Sept/Oct/Nov 2008

GLASS SPOUSES

Lisa Shea


Best known for his jaunty, ruminative nonfiction books on such redoubtable topics as bachelorhood, melancholy, and the male body, Phillip Lopate last produced a full-length work of fiction in 1987—The Rug Merchant. Whence, then, this tart, mischievous set of novellas—Two Marriages—paired some twenty-one years later into one deceptively trim, provocatively entertaining volume? Such is the mystery out of which fiction, like married life, is made—and into which Lopate lustily delves.

In the first and longer work, The Stoic’s Marriage, a well-off forty-eight-year-old Spanish Catholic first-generation Brooklynite named Gordon narrates via diary entries the course of his ideal, then absurdist, then, as deceits and high jinks pile up, surreal marriage to a fetching thirty-six-year-old Filipina, Rita, who is newly arrived in America and served as his dying mother’s favorite health aide. Gordon, an adjunct classics instructor and self-styled practicing Stoic in the manner of his Greek philosopher hero, Epictetus, suffers by his own admission from “uxoriousness” over his bride, whom he describes as “a paragon,” “a jewel” who is “radiant, beautiful, kind . . . skillful, exciting, and many-faceted.” It is the last of these virtues on which Lopate’s twisty tale turns.

Invoking the wisdom of long-deceased male literary figures—Chekhov, Proust, Shakespeare, and their ilk—with whom he seems to connect most intimately despite his apologetic salivating over his flesh-and-blood wife, Gordon, nicknamed Gordo from childhood for being “pudgy,” records each jolting revelation with an equanimity unto tragedy. Beneath Gordon’s somber mien lurks Lopate’s essentially comedic impulse, which fuels both of these serious, tongue-in-cheekily crafted novellas.

In fact, it is this tempo and tone of sophisticated, slow-motion slapstick that save The Stoic’s Marriage from the whiff of paternalism that Gordon’s journal exudes, as when he describes Rita as “Audrey Hepburn with breasts.” Might another reader (or writer) envision her beloved as “Fred Astaire with a penis”? While Gordon does read his former flame and fellow academic Edith’s feminist syllabus—Wollstonecraft, Beauvoir, Elizabeth Cady Stanton—much of his emotional life seems grafted onto his narrow intellectual appetite, which is keyed to what he himself calls “masculine privilege,” so that he constantly rationalizes away, if not his very existence, then nearly all his life experiences that do not conform to his beloved Stoic’s handbook.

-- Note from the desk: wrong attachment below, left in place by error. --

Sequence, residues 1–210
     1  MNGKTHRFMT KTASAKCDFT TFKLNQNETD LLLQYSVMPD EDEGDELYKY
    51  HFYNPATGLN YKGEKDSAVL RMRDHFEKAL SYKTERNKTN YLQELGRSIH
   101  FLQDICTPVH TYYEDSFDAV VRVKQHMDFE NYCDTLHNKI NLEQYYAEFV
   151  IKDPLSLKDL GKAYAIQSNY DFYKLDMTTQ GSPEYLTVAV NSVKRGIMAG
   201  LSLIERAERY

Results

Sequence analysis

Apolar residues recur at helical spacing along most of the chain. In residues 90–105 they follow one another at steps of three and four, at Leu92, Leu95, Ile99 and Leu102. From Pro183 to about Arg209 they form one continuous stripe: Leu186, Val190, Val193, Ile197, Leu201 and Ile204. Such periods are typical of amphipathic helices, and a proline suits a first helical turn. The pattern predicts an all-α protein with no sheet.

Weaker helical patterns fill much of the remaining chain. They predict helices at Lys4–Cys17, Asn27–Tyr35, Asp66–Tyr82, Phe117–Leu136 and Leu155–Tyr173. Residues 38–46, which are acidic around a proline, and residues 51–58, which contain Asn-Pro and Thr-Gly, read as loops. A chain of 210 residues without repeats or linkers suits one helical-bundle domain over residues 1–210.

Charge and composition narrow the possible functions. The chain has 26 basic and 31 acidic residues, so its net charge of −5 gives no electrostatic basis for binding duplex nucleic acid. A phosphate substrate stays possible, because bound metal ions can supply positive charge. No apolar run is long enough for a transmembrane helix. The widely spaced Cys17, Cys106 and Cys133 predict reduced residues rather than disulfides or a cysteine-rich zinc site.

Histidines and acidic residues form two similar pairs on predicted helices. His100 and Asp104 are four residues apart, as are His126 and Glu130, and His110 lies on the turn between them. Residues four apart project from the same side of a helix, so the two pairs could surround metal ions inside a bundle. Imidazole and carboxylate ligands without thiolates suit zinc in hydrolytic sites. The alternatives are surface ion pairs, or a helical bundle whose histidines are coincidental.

Memorably, wincingly, the hapless, smarty-pants pedagogue utters such perfectly pompous, silly statements as “My mind had wandered off in the middle of listening attentively.” This happens while Rita is telling him about her community of Filipino friends in New Jersey, with whom she is becoming increasingly involved, a development that sets in motion all the domestic havoc that follows, shaking Gordon’s arrogant and unrealistic Stoic stance to its foundation. Or as Gordon’s friend Gabe, an ex–logical positivist and budding Buddhist, as well as the chair of the philosophy department at the Free School, where Gordon teaches, argues: “With Stoicism, I mean. It doesn’t work. It’s humanly speaking impossible.”

The shorter novella, Eleanor, or the Second Marriage, also takes place in brownstone Brooklyn. There, on a quiet street “with its flower boxes, gingko trees, and old-fashioned lampposts from the gaslight era,” live Frank and Eleanor, he a forty-something sound engineer with two sons from his first marriage (who live with their mother) and a fondness for turtleneck sweaters and pot, she a book publicist with a tamed wild streak (she once owned a motorcycle, which she crashed) who possesses a “crisp, cheerful, matter of fact voice” and a teenage daughter (away at riding camp). The marriage is still new, and they are determined “not to repeat the mistakes of the last one[s].”

Via a deft third-person narration, the novella unfolds over a summer weekend during which Eleanor and Frank organize a dinner party for a visiting actor friend. Quickly and stealthily scratching beneath the surface of their Good Life—“wine by the case, and beef by the side”—Lopate exposes Eleanor two mornings before the party, precoccupied with rubbing a stain out of her white bathrobe. She’s next to the bed, where Frank lays oblivious, already lost in problem-solving dinner-party logistics.

This small fissure in their marital union deepens and spreads as Frank’s pothead son Theo and his stoned, nature-girl fiancée, Heidi, arrive. Theo breaks out the weed he’s brought to sell his dad, and their instant haggling over price highlights—hilariously, sadly—what seems to be the focal point of their father-son bond. By night’s end, with the guests sated and scattered into the shadows beneath the antique lamps of Cobble Hill, Eleanor and Frank’s marriage has reached a breaking point. Secrets and disappointments have been revealed, deceptions fessed up to, doubts expressed, the seamless bedrock of their union reduced to a gaping gravel pit.

Kudos to Lopate for producing this painful yet playful duo of cautionary tales about the wily conundrum that is marriage and for his risky forays into such perennially hot-button topics as immigration, gender, family, sexuality, and race. Two Marriages is a class act.

Lisa Shea is a writer living in Brooklyn.

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